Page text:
US lawmakers introduced a bill on Wednesday that would give US authorities more tools to crack down on websites accused of piracy of movies, television shows and music and the sale of counterfeit goods.

The Stop Online Piracy Act has received bipartisan support in the House of Representatives and is the House version of a bill introduced in the Senate in May known as the Theft of Intellectual Property Act or Protect IP Act.

The legislation has received the backing of Hollywood, the music industry, theBusiness Software Alliance, the National Association of Manufacturers, the US Chamber of Commerce and other groups.

But it has come under fire from digital rights and free speech organizations for allegedly paving the way for US law enforcement to unilaterally shut down websites, including foreign sites, without due process.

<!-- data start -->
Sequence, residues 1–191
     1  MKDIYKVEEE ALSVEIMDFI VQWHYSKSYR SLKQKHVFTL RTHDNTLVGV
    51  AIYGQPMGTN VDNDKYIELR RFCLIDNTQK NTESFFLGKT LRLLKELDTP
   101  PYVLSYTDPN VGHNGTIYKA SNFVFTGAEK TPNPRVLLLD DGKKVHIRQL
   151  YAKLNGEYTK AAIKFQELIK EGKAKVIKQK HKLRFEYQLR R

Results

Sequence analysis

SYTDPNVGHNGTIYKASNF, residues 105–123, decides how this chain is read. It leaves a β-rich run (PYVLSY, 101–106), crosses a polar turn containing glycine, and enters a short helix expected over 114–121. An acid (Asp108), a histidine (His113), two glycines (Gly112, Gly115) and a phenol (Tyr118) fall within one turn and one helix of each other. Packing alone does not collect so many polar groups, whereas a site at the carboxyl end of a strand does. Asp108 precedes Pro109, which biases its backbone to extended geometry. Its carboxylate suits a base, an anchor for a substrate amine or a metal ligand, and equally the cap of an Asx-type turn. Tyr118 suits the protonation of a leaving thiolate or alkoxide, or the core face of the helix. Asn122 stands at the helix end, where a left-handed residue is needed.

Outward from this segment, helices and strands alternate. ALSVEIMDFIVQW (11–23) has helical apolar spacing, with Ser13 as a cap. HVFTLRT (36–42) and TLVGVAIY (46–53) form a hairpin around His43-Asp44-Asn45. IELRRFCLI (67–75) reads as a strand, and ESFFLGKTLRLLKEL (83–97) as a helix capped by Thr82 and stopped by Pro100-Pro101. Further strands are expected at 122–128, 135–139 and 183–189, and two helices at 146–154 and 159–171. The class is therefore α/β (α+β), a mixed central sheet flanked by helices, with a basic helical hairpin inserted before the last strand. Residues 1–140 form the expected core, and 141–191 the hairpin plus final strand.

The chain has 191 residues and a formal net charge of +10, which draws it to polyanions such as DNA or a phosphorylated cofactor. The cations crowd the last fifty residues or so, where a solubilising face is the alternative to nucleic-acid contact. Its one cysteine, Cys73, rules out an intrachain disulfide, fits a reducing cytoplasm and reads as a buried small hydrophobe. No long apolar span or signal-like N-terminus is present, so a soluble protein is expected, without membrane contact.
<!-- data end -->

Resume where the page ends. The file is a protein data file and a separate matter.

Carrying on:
The Washington-based Center for Democracy and Technology (CDT) said the House bill “raises serious red flags.

“It includes the most controversial parts of the Senate’s Protect IP Act, but radically expands the scope,” the CDT said in a statement. “Any website that features user-generated content or that enables cloud-based data storage could end up in its crosshairs.

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